Sister struggles to get reimbursed for late brother’s cable payment
BY STEPHANIE ZIMMERMANN email@example.com August 19, 2012 10:52AM
THE FIXER HAS SAVED YOU
Updated: September 21, 2012 6:18AM
Dear Fixer: My brother passed away in March. A week later, I paid his final cable bill to Comcast, for $131.72. I wrote a check from my account.
At the time, I did not realize that his cable service was billed in advance, so essentially I was paying for something that would never be used.
I canceled his service and was told I had to return his equipment, which I did. I have a receipt for that. They told me that after they deducted his balance, I would get a refund of $78.86.
They did send me a check for $78.86, but it is in my brother’s name, and my bank will not accept it.
I spoke to a couple of Comcast reps who said they can only issue the check in my brother’s name. He didn’t pay the bill — I did. I gave them a copy of his death certificate, but haven’t heard anything more.
Joeann Hanna, Burr Ridge
Dear Joeann: Our sincere condolences on the loss of your brother, Albert.
And what a good sister you are, wanting to tie up loose ends like this.
We took this to Comcast spokeswoman Angelynne Amores, who agreed that there must be some way to get your money to you. She got in touch with you to apologize, then she ran interference with the billing folks to make sure a new check will be issued in your name.
Dear Fixer: We paid a medical lab bill promptly in March, yet we keep getting bills in the mail. Twice, we provided the billing service with a bank copy of the canceled check, which proves we paid them.
Now it’s gone to a collection agency and I am worried that our good credit will be affected by this $33.18 mistake.
Steve Cepa, Libertyville
Dear Steve: Your first mistake was thinking, Gee, this is such a ridiculously simple thing, it’ll be a cinch to resolve.
We see that all too often.
In this case, it turns out that the lab that did the work, Consolidated Pathology, was just as bummed as you were to hear about this unwarranted bill.
After The Fixer brought this to their attention, their president, Dr. Thomas Mientus, responded right away. (He’s said he’s a Fixer reader and never dreamed he’d end up in the column.) Dr. Mientus said the screw-up occurred with their outside billing service and he never knew you were being hounded. He also said he’s in the midst of parting ways with the billing service because of such problems.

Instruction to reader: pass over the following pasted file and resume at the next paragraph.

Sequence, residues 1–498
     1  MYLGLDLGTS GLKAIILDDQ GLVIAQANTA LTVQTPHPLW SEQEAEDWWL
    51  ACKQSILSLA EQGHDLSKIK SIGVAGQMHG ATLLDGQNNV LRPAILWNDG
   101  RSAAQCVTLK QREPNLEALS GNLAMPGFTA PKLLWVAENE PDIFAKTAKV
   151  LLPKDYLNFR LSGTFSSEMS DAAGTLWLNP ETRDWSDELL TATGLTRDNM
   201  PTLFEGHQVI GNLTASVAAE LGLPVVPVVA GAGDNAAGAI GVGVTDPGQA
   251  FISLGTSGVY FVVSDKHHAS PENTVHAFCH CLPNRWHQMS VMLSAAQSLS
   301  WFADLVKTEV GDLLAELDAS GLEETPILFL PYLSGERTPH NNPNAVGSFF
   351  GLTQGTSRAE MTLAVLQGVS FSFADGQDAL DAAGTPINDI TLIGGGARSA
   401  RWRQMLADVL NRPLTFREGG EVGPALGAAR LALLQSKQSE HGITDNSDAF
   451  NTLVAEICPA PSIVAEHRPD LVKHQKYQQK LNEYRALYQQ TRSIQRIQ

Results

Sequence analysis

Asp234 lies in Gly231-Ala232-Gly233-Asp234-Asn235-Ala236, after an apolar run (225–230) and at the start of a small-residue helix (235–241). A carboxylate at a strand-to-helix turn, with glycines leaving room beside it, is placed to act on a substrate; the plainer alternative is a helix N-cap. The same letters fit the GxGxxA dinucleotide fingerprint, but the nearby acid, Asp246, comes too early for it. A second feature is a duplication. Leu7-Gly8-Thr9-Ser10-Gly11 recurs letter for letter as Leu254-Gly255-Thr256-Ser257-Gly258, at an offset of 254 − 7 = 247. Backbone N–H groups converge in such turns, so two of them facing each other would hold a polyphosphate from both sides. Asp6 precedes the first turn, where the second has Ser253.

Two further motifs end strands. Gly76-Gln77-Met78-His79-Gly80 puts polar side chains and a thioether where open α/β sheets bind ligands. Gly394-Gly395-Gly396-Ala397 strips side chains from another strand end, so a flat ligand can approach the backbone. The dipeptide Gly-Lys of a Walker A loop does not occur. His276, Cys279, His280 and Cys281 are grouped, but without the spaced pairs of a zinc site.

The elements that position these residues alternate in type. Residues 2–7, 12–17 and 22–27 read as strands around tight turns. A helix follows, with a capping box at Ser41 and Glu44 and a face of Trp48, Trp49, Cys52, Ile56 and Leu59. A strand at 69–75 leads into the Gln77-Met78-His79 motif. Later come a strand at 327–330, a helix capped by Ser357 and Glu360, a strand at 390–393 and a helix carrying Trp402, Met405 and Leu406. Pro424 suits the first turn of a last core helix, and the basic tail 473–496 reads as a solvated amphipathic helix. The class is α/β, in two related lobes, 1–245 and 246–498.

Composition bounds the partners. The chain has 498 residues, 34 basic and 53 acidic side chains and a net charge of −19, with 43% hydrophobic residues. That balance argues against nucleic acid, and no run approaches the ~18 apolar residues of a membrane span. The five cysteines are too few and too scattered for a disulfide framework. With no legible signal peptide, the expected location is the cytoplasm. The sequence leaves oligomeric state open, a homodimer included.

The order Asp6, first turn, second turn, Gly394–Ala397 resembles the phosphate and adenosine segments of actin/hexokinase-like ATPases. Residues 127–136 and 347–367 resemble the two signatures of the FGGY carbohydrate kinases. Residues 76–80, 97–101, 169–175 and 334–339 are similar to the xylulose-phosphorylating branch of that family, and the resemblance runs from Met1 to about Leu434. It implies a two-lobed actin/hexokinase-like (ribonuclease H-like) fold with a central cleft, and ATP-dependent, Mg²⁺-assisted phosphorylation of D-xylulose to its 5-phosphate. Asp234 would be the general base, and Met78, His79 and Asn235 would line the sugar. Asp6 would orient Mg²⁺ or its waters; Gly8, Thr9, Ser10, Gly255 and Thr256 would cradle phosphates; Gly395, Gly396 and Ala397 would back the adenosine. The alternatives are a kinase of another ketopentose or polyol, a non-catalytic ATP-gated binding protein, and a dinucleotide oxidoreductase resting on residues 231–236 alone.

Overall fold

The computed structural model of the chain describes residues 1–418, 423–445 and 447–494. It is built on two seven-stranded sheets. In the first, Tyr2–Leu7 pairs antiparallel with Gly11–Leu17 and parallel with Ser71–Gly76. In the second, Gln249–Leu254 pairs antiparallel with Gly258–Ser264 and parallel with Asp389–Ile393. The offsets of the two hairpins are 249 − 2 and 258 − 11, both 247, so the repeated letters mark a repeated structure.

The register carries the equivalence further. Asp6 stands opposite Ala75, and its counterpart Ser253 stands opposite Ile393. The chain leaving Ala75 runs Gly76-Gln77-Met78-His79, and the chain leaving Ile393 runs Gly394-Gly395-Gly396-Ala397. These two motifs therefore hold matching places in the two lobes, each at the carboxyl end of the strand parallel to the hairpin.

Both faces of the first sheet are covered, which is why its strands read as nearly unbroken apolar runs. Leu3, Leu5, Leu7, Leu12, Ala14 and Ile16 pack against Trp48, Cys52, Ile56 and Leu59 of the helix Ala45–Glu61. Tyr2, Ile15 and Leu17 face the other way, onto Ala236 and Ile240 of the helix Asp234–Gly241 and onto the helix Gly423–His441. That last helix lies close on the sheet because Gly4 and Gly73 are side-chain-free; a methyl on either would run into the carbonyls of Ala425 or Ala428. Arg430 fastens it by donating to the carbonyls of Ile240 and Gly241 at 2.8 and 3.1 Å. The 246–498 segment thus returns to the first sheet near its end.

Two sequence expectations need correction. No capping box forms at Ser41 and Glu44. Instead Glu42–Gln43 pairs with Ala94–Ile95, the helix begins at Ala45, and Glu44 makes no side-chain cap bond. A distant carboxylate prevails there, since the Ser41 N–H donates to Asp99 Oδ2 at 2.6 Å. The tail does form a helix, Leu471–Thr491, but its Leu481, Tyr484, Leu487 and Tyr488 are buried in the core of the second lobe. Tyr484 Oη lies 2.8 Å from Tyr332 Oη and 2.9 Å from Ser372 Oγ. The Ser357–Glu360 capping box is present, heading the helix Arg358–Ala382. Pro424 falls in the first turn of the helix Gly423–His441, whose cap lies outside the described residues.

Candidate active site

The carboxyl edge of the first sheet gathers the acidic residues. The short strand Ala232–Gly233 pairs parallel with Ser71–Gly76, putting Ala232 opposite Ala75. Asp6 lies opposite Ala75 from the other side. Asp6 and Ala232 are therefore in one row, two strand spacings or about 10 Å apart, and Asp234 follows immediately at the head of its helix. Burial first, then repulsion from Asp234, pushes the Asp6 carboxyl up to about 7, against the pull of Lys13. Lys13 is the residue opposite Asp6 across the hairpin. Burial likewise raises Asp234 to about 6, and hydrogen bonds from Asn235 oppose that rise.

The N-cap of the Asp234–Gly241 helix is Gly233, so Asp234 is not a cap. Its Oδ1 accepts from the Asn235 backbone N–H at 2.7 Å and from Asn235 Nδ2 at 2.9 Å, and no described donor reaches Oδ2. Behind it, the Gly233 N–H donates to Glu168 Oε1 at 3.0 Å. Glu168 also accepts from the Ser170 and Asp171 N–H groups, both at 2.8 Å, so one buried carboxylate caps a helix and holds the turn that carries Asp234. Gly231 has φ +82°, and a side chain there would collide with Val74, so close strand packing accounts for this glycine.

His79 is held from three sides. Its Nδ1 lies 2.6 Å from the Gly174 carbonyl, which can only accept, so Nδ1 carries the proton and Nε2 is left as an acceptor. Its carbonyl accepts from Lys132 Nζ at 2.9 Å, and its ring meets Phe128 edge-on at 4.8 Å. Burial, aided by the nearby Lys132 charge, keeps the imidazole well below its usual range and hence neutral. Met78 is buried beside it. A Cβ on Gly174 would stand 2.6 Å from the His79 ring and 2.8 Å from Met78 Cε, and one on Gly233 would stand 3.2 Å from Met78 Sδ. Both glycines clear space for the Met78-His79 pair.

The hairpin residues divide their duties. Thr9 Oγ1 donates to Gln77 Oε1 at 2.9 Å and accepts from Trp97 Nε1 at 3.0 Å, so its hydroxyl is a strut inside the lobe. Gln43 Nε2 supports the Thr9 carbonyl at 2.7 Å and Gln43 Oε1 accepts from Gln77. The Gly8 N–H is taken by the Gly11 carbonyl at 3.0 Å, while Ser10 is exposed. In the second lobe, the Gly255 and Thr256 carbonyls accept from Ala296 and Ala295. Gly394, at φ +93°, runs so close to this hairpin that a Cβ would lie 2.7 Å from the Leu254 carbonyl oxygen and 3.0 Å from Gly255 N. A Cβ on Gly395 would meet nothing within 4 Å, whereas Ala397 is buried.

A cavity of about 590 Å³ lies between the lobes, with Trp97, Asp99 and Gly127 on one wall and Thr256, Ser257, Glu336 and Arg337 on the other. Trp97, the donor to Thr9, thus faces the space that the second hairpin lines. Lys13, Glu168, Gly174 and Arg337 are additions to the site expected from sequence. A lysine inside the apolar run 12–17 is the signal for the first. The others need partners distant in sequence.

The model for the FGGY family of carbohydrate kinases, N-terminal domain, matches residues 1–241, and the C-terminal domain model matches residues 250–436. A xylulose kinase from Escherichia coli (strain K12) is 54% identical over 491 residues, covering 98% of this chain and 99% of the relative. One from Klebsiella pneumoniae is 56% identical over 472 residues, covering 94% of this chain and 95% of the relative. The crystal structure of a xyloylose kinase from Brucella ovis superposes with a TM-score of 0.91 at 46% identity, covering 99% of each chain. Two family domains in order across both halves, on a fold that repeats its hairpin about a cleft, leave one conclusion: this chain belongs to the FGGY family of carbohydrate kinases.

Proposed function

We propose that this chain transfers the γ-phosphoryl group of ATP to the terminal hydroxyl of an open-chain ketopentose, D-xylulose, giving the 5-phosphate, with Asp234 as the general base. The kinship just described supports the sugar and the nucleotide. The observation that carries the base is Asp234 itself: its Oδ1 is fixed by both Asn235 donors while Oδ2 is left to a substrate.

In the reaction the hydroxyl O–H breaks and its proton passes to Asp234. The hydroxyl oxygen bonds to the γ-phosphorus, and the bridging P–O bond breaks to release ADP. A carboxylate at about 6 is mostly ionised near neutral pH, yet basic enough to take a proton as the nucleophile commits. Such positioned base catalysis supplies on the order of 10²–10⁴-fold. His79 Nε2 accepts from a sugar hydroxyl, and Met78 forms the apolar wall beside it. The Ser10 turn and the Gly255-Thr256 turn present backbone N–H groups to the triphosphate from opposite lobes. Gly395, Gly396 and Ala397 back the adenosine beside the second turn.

He also contacted the collections agency that the billing service uses and directed them to remove this claim immediately. That’s been done, and we were told that none of this will appear on you or your wife’s credit report.
“I am sorry for this patient’s troubles and only wish the issue could have come to us sooner,” the doctor said.
Speaking of credit reports
Hey, everyone — mistakes happen, so it’s a good idea to have a peek at your credit report now and then. Federal law entitles consumers to one free report from each of the three major credit reporting bureaus every 12 months. Go to the official site, annualcreditreport.com, and follow the prompts for the free reports. You will not have to buy anything and you don’t have provide a credit card number, unlike on some sound-alike websites.
He’s my relative, but . . .
The Fixer hears a lot of stories about relatives who want help with co-signing a loan, or people who share bank accounts or safe deposit boxes with others.
Is this wise? Well, it depends why you’re doing it. If you’re just feeling sorry for your sketchy cousin who can’t get a car loan, you might want to stop and reconsider.
The FDIC has some good info for anyone in this fix. For example, did you know that adding relatives to a joint savings account could affect how much you can recoup in FDIC insurance if there’s a catastrophe with the bank?
And if you share a credit card account or have co-signed a loan, you could be on the hook for everything — including late fees and collection costs — if your relative takes off.
For more, check out FDIC.gov.